We could choose to lighten it just a tad and let's take the contrast up just a little bit. Remember on the portrait images, I'd like to lower the contrast, but on product shots like this, I'd like to push a little bit more contrast out there. Notice we monitor our values all the time, the Highlights and the Shadows still in the low 220s, nice neutral highlight here. Sometimes when you make larger moves here, the highlight will move a little bit, maybe get too light, you may have to fine-tune that, but in this case, we seem to be doing all right. Remember adjustments on this curve, a little bit goes a long way. Maybe just one note about the Expert tool here and I'll just remind you, never use the Brightness slider, you watch the other videos, you'll see why.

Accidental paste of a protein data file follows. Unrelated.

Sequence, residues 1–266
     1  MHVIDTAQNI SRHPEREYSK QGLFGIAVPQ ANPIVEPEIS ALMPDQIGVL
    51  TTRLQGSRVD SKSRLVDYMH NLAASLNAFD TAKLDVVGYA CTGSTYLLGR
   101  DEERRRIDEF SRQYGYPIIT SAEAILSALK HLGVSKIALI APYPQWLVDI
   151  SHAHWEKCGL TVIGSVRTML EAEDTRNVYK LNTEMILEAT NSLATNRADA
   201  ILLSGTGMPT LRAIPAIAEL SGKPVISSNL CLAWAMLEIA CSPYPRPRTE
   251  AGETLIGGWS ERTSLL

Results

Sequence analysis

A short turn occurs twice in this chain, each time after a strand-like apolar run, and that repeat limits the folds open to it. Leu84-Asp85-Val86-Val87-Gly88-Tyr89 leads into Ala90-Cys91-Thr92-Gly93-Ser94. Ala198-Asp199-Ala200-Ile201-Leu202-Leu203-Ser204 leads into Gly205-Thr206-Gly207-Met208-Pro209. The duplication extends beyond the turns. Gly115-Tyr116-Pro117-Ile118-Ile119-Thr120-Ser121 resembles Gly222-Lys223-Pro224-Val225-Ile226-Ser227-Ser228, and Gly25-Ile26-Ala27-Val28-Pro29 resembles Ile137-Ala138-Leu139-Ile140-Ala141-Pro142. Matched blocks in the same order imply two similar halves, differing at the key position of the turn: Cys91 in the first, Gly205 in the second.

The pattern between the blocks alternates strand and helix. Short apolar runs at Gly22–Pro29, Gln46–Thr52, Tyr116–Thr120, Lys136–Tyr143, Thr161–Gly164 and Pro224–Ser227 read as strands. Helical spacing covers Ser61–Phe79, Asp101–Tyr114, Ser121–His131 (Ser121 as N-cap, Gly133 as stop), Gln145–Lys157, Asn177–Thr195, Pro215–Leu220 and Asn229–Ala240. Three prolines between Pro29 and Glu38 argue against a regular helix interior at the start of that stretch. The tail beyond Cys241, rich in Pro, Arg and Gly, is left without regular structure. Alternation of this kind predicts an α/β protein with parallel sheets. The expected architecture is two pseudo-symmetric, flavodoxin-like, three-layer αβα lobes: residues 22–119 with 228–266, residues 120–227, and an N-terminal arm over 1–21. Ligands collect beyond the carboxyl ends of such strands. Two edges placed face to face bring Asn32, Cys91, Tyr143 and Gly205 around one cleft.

In a case like this if we wanted to lighten just the shadow portion of the image a little bit, see how you can just pull that shadow up. I actually don't like lightening and I'm just going to darken the shadow just a little bit to add just a little bit more contrast on there. I like the way the quarter-tone looks, but I am just going to darken the shadow just a smidge. So, you can see how you can fine-tune if you know which tools to use and in which order to use them. All right! Our correction is good now. So let's go up to the Scan dimensions dialog box and we are going to call this Product_RGB_300 and then we are going to save this out as a TIFF, if we are going to go right to print, or .psd, if we intend to do some more editing or add some type or something in Photoshop later on and we are indeed going to set Photo Quality at 300, just like we have done at all the other images.